|The not so great view from my hotel room|
We arrived in Kansai Airport 10am but had to hang around until 11.30am because Neill’s plane was delayed (Neill is Assistant Chief of Northumberland Fire & Rescue). Once he arrived we took the train to Takatsuki Kyoto Hotel, which took about 2 hours!
One thing that seemed apparent from the train is that Sunday is laundry day. Most apartments (ranging from 2-storey to many-storey buildings) have balconies, and almost all had clothes rails on. We travelled through Rinku town and it was interesting to see agriculture in the middle of an urban area: fields and fields of cabbages in amongst loads of houses.
There is hardly any space between houses. They don’t seem to do terraces like the UK, but there are really narrow gaps between buildings, and very little outside space (usually just room for one car).
So we reached the hotel around 2pm and decided to meet in the foyer around 6pm to go for food. I wanted to work on my presentation, so showered and sat in front of my laptop. And then the tiredness hit me. I climbed into bed and next thing I knew it was 5.45pm.
We went to a mostly fish restaurant for dinner, where me meal began with a tofu salad topped with bonito, or “fish paper” as it became known to us. Thankfully the rest of my meal was a bit more veggie friendly and didn’t involve scraping fish paper aside!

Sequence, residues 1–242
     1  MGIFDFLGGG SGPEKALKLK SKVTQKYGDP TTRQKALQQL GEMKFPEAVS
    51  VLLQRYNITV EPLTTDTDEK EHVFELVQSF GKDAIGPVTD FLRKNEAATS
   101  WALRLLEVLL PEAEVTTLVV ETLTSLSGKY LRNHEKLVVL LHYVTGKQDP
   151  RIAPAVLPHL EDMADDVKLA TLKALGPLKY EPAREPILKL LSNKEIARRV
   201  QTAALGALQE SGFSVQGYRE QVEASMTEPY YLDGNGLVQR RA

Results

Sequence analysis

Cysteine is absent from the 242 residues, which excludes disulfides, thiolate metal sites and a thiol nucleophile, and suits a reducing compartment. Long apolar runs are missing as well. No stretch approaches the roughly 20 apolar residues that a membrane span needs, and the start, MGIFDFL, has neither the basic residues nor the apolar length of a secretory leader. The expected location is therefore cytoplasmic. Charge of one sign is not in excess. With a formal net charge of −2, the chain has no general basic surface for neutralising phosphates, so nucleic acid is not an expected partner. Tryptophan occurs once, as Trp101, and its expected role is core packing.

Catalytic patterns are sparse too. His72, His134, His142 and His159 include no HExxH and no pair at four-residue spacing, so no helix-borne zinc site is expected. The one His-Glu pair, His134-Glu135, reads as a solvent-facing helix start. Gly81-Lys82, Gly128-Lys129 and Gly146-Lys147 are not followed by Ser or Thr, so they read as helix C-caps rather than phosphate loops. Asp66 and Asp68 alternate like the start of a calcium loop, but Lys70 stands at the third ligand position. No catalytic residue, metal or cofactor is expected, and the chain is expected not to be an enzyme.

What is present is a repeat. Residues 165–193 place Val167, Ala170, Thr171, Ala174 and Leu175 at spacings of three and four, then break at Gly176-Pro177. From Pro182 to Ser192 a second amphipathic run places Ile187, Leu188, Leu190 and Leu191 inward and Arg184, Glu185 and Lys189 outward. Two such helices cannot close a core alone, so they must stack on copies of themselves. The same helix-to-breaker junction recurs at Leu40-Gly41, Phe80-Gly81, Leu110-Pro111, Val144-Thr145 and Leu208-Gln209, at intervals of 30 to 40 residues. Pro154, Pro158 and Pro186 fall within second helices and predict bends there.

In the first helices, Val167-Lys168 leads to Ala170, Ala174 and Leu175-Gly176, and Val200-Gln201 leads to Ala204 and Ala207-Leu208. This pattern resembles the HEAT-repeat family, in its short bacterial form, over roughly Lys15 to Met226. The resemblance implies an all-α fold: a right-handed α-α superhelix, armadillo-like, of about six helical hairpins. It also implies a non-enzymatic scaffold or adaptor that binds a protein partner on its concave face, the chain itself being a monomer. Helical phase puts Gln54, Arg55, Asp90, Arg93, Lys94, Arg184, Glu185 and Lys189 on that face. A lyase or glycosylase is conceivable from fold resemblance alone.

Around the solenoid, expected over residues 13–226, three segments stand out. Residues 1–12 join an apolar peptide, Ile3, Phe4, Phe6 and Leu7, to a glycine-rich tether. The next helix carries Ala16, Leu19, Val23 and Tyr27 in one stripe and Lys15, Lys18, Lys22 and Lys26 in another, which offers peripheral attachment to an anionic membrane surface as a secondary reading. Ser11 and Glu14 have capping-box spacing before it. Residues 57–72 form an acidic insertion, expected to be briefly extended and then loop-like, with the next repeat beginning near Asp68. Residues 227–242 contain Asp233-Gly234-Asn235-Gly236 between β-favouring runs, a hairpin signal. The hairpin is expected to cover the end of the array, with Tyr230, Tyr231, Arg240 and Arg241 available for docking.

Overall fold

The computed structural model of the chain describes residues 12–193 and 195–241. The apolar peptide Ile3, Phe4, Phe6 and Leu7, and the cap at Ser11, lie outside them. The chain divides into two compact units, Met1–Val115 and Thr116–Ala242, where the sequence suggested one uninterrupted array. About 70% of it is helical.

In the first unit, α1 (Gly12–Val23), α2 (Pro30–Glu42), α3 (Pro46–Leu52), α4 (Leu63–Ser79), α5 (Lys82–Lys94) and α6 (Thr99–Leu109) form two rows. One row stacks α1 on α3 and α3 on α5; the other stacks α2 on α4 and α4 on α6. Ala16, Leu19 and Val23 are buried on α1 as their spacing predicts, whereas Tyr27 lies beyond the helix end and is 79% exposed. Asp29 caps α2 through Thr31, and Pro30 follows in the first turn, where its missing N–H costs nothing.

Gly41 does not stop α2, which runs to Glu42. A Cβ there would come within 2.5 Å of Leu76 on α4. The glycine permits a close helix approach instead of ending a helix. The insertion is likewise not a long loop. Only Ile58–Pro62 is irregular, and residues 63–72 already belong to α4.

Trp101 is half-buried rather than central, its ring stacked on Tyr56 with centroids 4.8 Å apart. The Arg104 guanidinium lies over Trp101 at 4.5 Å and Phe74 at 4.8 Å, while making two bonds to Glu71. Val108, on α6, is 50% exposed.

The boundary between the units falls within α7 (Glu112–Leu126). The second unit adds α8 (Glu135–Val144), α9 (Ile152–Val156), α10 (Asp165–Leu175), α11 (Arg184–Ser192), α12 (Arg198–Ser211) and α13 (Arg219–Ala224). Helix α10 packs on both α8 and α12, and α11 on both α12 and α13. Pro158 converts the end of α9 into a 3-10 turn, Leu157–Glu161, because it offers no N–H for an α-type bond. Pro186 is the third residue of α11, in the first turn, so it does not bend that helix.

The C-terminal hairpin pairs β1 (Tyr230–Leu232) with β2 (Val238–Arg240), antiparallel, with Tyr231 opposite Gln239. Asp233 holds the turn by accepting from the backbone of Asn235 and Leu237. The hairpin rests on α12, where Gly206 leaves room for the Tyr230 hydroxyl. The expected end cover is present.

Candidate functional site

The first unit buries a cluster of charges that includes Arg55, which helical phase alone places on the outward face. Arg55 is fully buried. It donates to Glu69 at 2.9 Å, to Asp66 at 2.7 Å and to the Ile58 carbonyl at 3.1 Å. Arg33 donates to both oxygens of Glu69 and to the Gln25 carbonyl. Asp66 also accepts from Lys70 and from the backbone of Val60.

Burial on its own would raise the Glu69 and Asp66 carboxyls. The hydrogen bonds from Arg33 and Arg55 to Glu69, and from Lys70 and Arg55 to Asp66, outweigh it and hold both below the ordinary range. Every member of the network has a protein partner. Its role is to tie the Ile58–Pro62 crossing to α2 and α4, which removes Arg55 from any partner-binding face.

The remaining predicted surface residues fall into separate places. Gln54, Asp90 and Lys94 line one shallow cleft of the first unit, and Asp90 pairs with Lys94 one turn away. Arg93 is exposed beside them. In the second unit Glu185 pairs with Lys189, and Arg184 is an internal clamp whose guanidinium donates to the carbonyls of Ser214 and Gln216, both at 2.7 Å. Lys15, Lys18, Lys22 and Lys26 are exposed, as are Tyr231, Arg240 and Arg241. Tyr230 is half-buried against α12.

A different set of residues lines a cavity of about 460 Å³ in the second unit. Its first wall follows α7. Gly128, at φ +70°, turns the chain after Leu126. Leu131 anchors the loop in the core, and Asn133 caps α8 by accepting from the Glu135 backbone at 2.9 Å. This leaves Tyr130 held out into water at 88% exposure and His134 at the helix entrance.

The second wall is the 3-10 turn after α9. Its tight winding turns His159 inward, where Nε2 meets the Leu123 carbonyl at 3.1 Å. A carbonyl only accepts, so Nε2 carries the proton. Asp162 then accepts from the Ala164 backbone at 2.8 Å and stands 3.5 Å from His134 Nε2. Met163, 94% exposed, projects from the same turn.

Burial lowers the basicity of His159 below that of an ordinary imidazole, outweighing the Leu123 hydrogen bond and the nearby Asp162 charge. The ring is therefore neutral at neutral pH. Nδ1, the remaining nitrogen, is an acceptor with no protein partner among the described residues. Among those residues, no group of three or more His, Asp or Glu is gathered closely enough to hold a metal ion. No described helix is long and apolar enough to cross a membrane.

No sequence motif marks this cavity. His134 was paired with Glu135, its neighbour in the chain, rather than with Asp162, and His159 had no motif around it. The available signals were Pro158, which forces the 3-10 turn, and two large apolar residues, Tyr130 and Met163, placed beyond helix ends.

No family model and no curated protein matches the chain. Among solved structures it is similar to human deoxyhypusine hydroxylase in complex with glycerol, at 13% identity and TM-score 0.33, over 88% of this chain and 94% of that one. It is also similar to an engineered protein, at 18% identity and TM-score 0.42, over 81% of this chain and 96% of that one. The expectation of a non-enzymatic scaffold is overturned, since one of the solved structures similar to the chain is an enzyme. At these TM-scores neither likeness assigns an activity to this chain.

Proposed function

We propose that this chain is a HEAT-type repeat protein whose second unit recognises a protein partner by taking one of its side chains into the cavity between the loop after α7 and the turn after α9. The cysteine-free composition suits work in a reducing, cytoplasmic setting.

We left around 8.30pm: a few of us went back to the hotel while the rest tried to find the Newcastle game in a bar. I tried to get a bit more work done on my presentation before crashing out.
Big thing over here. Some offer bidet facilities. Some make water sounds to disguise your own sounds. Some flush when you first sit down. But the best have heated seats. A bit unusual I know, but it is really nice to have a heated seat on a very cold day!
And any electric toilets are a welcome alternative to traditional Japanese toilets, which are holes in the ground.
One irritating thing about public toilets though: the tap water to wash your hands is freezing cold, and they don’t supply paper towels or dryers because Japanese people carry their own towels. So unless you’re prepared, you leave with a warm bum but cold hands.